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#11 In the collection

Hans Eijkelboom submitted these ‘commercials’ for The Archives, in which he himself acted as a model.

The Archives


In the context of the 40th anniversary of Galerie Pennings we searched the archives. For example, we have found the old invitations to the exhibitions from the opening of the gallery in 1979. And with that the proof that artists like Christian Boltanski have exhibited here. (see blog #9). In the collection of Harry Pennings we came across a special book called ‘The Archives’.


On December 14, 2018, Hans Eijkelboom gave an artist talk at Pennings Foundation when we had just ‘discovered’ The Archives, to which he had contributed. We showed him the book and he recognized it immediately; it was part of a group exhibition that Peter van Beveren had curated for the Provincial Museum in Hasselt.


Artist's book

The Archives has been published in an edition of 500. Small works by 30 artists have been included, ranging from sketches to printed matter and photography. The book was published in honor of the exhibition of the same name in 1981 in the Hasselt Provincial Museum in collaboration with Art Information Center by Peter van Beveren.


In the preface, Peter van Beveren wrote:

“During the preparation of my exhibition The Archives, the idea originated to publish an artist book instead of a catalogue. Thirty artists were invited to design one page, specially for this book. Some sent five-hundred works, others sent an idea which has been executed in every book. I do appreciate the participation of all the artists. They made this book a unique document and work of art. It is fixing an era that is subject of rapid changes. It is making the aura of a unique work of art relative; it is representing the character of my archives. The artists participating in this book have been important for the development of my archives during the latest ten years and they have been chosen because of the personal affinity to their work. (…)”


Portrait of time

The book represents a portrait of time and gives us a glimpse of the past. For us, the works now create an idea of the developments in art and art history then. The artists who contributed to this book are:

Robert Jacks, Woody van Amen, Carl Andre, Joseph Beuys, Marinus Boezem, Christian Boltanski, Daniel Buren, Michel Cardena, Christo, Robin Crozier, Geurt van Dijk, Pieter Engels, Hans Eijkelboom, Ken Friedman, Ad Gerritsen, Klaas Gubbels, Wim Gijzen, Richard Hamilton, Dick Higgins, Tommy Mew, Maricio Nannucci, Richard Nonas, Arnulf Rainer, Dieter Roth, Yves De Smet, Al Souza, Endre Tot, Timm Ulrichs, Ben Vautier and Wolf Vostell.

These artists formed the avant-garde in the 60s and 70s and had gained a place in art history in 1982, when the book was published. Nationality, style and being famous wether or not did not bring this group together. While some of the artist had earned their fame at a local or national level, other artists like Christo, Joseph Beuys, Christian Boltanski and Carl Andre were represented in Museums of modern art all around the world.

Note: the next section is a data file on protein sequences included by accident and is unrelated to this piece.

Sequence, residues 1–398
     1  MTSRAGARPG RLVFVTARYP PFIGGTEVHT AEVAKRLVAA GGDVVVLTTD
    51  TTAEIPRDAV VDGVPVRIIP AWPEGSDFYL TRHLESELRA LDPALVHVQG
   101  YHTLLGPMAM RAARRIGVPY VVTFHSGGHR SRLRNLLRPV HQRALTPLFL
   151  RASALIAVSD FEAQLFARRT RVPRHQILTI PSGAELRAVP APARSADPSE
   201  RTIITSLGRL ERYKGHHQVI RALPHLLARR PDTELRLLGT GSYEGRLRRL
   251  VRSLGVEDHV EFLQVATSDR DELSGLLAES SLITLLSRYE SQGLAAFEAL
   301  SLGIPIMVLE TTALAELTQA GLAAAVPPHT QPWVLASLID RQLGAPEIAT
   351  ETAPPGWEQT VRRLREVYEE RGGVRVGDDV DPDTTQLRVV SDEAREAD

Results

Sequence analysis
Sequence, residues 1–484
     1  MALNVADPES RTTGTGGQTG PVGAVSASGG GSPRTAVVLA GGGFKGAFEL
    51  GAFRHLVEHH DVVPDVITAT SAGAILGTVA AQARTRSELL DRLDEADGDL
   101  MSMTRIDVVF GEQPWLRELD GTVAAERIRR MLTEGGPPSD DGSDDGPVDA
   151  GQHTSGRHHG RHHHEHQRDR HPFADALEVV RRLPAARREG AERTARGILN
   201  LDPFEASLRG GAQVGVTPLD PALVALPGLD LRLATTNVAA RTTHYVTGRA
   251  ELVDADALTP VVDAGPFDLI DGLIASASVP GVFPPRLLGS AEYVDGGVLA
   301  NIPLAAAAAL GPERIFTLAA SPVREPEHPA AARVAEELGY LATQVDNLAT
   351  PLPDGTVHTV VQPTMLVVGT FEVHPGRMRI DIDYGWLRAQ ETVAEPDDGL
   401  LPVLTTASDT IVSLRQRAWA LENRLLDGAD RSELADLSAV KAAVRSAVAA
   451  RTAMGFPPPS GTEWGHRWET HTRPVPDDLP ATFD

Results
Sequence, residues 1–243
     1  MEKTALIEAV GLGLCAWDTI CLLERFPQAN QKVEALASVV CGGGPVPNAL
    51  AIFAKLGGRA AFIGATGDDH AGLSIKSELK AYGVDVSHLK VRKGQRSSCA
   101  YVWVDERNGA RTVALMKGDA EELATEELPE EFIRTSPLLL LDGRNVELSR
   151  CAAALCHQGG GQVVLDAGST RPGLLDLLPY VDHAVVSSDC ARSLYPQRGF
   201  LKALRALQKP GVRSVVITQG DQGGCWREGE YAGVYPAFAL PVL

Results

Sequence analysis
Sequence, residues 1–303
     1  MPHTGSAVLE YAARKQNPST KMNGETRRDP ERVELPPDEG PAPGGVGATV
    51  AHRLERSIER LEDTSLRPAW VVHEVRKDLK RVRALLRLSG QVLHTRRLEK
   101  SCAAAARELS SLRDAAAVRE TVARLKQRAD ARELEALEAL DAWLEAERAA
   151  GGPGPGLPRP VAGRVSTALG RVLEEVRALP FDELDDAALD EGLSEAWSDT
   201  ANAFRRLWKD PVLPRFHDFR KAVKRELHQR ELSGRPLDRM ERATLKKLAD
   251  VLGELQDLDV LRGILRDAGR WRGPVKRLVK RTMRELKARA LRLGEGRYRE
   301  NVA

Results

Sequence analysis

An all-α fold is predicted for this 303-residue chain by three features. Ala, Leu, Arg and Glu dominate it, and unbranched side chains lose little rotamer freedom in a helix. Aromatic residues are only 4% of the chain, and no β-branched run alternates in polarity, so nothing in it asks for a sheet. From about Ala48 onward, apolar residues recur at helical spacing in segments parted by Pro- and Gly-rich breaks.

Cartoon by Carl Andre for The Archives. Carl Andre is a representative of Minimal art.

Diversity

The artists from The Archives represent various styles. Carl Andre is a representative of Minimal art, Dick Higgins is one of the co-founders of the Fluxus movement, Richard Hamilton is known as an important figure for the British Pop Art. But the emphasis is mainly on conceptual art, where the concept (the idea) is more important than the implementation. An important representative is Joseph Beuys.


The exhibitors worked in various media. Both Boltanski and Hans Eijkelboom were artists who used photography as a medium. Eijkelboom had become known for his project ‘The ideal man’, in which he himself acted as a model. Ben Vautier, a Fluxus artist, used language as a medium in the form of handwritten text. His installation ‘Le Magasin’ (the store), now to be found in Centre Pompidou in Paris, is full of handwritten texts. The texts are often simple and monochrome, so that they do not distract from the message.


By paying attention to a variety of movements, media and nationalities, this artist's book has become a special document of developments in art history at a time when painting and sculpture were no longer leading media.


Contribution by Ben Vautier for The Archives. Ben Vautier used language as a medium.

Harry Pennings probably visited the exhibition in Hasselt and then ordered the book (it appeared a year after the exhibition). He was in contact with a number of exhibitors. For example, Christian Boltanski participated with three other artists in 1981 in a group exhibition at Galerie Pennings. (see blog #9) Christo was no stranger to Harry either. Christo had once, as a performance, used a chair from Harry Pennings furniture store and, of course, wrapped it. (See blog #1)












by Laura van den Broek (student in art history and trainee)


This is the last blog before the summer vacation. The blog will be continued at the beginning of September.

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